Fr. Samuel Schneider, a miliary chaplain with the Navy and priest of the Diocese of Superior, talks with Marines after celebrating Mass on the back of a truck. While only half of the Marines in attendance were Catholic, Fr. Schneider feels privileged as a priest to be the “chaplain for all.” (Submitted photo)

Jenny Snarski
Catholic Herald Staff

Fr. Samuel Schneider, whose family is from Rhinelander, was ordained a priest in June 2017. He was co-sponsored by the Diocese of Superior and the Archdiocese for the Military Services.

Although he joined the Navy and attended the U.S. Naval Academy before he transferred to the University of St. Thomas in St. Paul and St. John Vianney College Seminary, Fr. Schneider said his priestly call definitely comes before his call to serve in the military. That said, he sees how God uses a person’s gifts and interests integrated with the living out of their vocation.

After serving Navy sailors and their families on the naval base neat Tokyo, Fr. Schneider was assigned to Camp Pendleton in California, between Los Angeles and San Diego, last May. In an interview with the Catholic Herald, the priest shared how different his current assignment is. In Japan, he was more of a parish priest on base, and at Camp Pendleton, he is attached as chaplain to a battalion of about 500 Marines.

At the time of the interview, Fr. Schneider was preparing for a two-month training assignment in the desert east of the base – an experience that would have its share of physical challenges but one that would also offer an opportunity to share in the difficulties alongside the Marines.

“Living with them and experiencing with them helps really connect” his ministry and military presence, he said. Whereas on base, at the end of a day everyone goes back to their barracks, warm showers and hot meals, being alongside the men and women during this training exercise will be a time of deeper “incarnational ministry.”

“If I’m not there, I can’t be ‘there,’” he said referring to how his mentorship can take on different meaning when he’s sharing in daily struggles.

He has found great joy in being able to visit during shorter trainings and offer Mass and the sacraments. Bringing God’s love, nearness and sacramental grace to the Marines, wherever they are, is an example of how God doesn’t meet us only when we seek him out in church buildings, he affirmed.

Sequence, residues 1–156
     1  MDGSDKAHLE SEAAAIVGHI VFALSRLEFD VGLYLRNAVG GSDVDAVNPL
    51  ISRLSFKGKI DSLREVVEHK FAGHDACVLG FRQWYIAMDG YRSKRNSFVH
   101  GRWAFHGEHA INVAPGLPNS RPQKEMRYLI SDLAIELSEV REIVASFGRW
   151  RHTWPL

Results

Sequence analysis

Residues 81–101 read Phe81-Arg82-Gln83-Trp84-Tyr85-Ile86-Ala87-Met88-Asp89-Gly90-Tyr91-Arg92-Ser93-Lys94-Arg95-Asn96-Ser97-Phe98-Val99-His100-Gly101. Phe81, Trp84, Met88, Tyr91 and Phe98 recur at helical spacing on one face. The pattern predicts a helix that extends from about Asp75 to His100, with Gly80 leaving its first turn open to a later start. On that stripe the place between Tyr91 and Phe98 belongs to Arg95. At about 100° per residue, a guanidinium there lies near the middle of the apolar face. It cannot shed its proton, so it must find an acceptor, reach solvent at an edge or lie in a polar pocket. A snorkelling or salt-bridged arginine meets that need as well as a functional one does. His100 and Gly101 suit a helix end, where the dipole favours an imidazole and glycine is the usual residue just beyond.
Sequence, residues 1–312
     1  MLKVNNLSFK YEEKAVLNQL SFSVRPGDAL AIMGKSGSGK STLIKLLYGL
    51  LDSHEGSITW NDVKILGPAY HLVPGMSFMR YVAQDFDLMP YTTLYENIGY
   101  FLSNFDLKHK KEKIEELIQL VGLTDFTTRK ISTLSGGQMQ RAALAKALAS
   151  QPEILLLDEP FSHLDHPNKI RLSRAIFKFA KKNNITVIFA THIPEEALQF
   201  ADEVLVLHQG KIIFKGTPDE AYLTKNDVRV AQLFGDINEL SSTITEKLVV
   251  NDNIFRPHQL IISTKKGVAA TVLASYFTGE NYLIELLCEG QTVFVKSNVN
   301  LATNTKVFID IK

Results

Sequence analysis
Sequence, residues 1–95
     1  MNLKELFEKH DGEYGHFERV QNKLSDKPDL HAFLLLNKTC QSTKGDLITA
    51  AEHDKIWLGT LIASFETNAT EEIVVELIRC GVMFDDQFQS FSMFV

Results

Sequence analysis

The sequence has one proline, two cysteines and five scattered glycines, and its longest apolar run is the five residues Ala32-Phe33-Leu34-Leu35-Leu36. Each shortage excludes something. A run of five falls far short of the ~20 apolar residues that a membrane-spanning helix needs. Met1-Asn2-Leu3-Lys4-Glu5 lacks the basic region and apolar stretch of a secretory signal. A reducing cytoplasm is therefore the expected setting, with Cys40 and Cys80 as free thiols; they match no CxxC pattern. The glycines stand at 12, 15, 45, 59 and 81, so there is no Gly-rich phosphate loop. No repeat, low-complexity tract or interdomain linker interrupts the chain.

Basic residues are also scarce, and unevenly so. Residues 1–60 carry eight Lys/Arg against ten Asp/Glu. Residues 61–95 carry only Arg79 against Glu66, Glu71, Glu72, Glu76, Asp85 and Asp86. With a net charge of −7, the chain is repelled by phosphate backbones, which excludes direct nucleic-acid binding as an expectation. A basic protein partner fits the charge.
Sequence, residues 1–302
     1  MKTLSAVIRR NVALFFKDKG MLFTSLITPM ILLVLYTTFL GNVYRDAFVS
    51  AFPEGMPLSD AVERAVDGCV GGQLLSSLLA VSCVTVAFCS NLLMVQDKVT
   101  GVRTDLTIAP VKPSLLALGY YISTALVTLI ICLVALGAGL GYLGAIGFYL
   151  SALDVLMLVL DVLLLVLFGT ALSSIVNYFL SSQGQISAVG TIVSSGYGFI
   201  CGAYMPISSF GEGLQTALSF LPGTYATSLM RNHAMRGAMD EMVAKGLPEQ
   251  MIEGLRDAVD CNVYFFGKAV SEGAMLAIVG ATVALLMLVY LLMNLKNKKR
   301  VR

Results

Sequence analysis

Fr. Schneider spoke at length about the important role a military chaplain plays.

“It’s an important aspect of the military’s support” of their enlisted, Fr. Schneider said. He sees it as an acknowledgement of religious practice as beneficial for people. Clarifying that the military isn’t trying to establish any particular religious practice but does protect the ability to practice it, seeing it as an important element for the overall success and effectiveness of military forces.

“From an economic and psychological perspective, chaplains are invaluable,” Fr. Schneider noted. For sailors and Marines, many of them young and not used to dealing with the stressors, responsibilities and discipline, chaplains are “a resource” that keep behaviors stable and a unit cohesive.

There is, Fr. Schneider said, “a significant decrease in destructive behavior, suicidal thoughts and suicide” through the work of chaplains. Citing a statistic that even going to Mass once a month reduces mental health problems by 20 percent, the priest said, “the military knows that,” and supports their work, even though the government stands firmly behind the separation of church and state.

“The military knows that someone with a spiritual life is a more resilient warfighter,” he continued. Especially working now with Marines, “they don’t give the impression that it’s going to be easy. They acknowledge it’s gonna suck,” he said. While that taps into a natural human drive to accomplish difficult things, Fr. Schneider said one of the biggest challenges for the men and women is to go through the rigor of their training without being deployed.

When they can’t see up close why they’re training, it takes more intentional efforts to transcend their current circumstances and believe in the bigger purpose of needing to be ready to help protect the country whenever it might be needed.

Drawing a parallel with the spiritual life, he advised, “Keep in mind practice of spiritual disciplines is for the purpose of our eternal salvation and salvation of souls.”

Fr. Schneider concluded offering thanks for the prayers and support he continues to receive from the Diocese of Superior. For anyone wanting to reach out, his mailing address is: Fr. Samuel Schneider, 310 Sunset Way, Unit 6, Oceanside, CA 92058.